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Michelangelo's David 'threatened' by high-speed train

Florence statue could 'collapse' due to tunnelling vibrations

03 March, 15:46
Michelangelo's David 'threatened' by high-speed train (ANSA) - Florence, March 3 - Michelangelo's David could be toppled by reverberations from work on a new Italian high-speed train line, an expert has warned.

The famous statue, said underground architect Fernando De Simone, could "collapse" because of tremors emanating from tunnel excavation.

"In Florence, tunnels will pass about 600 meters from Michelangelo's statue of David, the ankles of which, it is well known, are riddled with micro-fissures. "If the statue is not move before digging begins, it will collapse," he claimed.

De Simone is an expert in underground construction from Padua who has been pushing the Region of Tuscany and the City of Florence to move the statue of David from its current location at the Galleria dell'Accademia to an underground museum he says should be built. "There is a high probability of (the statue's) collapse," De Simone explained. "The risk of collapse or slippage in the marble of the statue's lower joints will be very high if the resonance caused by excavation machinery for the high-speed train tunnel, as well as the vibrations of passing trains thereafter, are added to existing vibrations caused by groups of 60 visitors at a time...and oscillations generated by automobile traffic in surrounding zones".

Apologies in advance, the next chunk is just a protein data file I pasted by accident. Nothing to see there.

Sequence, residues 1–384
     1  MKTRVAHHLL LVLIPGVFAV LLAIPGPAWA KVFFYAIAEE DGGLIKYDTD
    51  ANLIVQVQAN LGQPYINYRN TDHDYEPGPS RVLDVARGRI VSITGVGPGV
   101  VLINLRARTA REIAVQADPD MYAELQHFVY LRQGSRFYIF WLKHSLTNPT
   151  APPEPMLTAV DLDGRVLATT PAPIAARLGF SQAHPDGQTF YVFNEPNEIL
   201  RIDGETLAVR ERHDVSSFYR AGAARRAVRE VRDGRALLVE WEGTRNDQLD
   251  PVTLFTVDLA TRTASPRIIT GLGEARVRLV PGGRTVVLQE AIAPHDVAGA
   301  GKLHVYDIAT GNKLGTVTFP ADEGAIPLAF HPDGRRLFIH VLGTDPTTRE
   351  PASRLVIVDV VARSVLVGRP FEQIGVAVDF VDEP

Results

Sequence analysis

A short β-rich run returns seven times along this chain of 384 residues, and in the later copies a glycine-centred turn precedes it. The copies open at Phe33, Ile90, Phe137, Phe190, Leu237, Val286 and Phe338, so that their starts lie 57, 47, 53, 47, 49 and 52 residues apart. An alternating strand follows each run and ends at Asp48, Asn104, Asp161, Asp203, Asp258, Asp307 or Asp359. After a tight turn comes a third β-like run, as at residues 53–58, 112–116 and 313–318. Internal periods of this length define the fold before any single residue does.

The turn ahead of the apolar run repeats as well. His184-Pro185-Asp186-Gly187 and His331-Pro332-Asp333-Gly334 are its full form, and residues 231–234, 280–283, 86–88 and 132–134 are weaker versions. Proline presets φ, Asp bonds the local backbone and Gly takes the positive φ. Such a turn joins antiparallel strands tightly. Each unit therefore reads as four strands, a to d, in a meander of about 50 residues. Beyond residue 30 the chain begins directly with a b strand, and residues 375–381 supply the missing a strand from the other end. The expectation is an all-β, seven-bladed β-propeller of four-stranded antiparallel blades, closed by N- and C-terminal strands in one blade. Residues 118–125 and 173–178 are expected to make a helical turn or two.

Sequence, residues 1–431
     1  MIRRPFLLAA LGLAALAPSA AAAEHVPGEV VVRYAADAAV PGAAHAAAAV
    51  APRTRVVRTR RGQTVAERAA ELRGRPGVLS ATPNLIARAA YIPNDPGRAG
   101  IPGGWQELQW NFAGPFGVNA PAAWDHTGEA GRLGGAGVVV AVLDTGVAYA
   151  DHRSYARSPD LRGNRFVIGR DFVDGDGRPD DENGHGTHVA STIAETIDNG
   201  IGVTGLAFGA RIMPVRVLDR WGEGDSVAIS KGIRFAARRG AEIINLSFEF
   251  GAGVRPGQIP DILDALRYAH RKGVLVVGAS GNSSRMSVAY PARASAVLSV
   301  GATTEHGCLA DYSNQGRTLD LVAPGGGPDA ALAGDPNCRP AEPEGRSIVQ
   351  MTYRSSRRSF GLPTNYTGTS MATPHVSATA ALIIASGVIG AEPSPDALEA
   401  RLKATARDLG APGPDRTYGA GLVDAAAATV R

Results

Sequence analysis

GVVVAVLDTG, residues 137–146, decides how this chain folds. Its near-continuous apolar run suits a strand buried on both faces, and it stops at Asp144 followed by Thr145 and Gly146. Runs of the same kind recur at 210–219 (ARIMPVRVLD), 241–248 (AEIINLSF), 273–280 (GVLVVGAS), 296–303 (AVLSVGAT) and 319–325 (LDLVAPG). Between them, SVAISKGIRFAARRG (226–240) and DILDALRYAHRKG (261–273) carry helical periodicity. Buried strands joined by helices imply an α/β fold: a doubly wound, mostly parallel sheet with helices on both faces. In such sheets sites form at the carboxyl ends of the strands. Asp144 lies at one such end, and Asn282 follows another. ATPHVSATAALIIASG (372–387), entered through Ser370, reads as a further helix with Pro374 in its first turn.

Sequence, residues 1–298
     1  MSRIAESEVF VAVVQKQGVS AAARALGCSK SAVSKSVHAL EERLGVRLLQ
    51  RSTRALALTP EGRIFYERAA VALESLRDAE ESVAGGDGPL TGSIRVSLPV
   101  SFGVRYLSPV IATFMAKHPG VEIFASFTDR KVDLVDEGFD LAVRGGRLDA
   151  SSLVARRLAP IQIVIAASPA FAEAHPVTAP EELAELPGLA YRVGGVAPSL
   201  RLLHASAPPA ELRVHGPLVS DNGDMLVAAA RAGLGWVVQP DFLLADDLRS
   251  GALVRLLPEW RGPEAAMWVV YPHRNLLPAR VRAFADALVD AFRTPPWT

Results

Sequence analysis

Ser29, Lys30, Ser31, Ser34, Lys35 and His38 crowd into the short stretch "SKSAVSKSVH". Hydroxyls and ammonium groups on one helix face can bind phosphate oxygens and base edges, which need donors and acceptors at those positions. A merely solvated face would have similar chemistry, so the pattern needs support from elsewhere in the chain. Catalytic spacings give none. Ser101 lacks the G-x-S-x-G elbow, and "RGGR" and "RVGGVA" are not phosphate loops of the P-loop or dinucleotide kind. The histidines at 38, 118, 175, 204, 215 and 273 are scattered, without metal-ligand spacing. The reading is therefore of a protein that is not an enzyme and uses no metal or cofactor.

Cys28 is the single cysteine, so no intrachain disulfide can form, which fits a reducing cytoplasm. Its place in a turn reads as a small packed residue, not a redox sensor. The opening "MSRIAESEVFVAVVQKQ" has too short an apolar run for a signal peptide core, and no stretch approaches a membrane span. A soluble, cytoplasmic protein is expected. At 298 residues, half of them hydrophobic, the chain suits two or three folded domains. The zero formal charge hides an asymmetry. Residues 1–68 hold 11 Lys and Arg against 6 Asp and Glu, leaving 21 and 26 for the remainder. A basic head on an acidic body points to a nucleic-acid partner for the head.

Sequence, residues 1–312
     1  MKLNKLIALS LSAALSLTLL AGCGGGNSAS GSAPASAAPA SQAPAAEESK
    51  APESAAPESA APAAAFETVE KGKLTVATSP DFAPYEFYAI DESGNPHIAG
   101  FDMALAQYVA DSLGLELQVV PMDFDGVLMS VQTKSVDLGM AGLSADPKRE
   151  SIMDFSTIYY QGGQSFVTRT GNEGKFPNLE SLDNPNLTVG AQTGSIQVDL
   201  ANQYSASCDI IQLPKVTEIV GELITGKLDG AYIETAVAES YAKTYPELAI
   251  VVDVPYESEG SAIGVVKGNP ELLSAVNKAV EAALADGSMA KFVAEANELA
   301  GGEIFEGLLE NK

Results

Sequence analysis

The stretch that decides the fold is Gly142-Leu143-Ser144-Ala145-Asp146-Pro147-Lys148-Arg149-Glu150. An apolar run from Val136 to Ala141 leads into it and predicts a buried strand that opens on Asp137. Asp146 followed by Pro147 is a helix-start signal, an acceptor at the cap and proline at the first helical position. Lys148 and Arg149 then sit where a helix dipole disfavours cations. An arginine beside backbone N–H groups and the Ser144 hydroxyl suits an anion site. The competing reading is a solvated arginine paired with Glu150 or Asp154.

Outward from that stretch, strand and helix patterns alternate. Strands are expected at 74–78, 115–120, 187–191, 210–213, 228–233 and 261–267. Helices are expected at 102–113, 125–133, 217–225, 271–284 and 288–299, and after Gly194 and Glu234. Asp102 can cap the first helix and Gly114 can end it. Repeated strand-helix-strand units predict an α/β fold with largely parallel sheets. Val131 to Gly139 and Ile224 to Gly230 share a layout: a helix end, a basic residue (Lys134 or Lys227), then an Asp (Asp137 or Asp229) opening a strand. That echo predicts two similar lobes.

De Simone added "it would be preferable to move the statue to a purpose-built museum, which would also protect it in case of an earthquake, and would allow visitors to see it from multiple points of view: ascending, descending, and from a spiral perspective, as Michelangelo wished and as (art critic and historian) Carlo Ludovico Raggianti amply demonstrated".

Michelangelo's masterpiece of Renaissance sculpture depicts the Biblical hero David. The marble male nude stands just over five meters tall, and was created between 1501 and 1504. Originally positioned in a public square outside the Palazzo della Signoria, it was moved to the Accademia Gallery in 1873, and a replica placed in the square.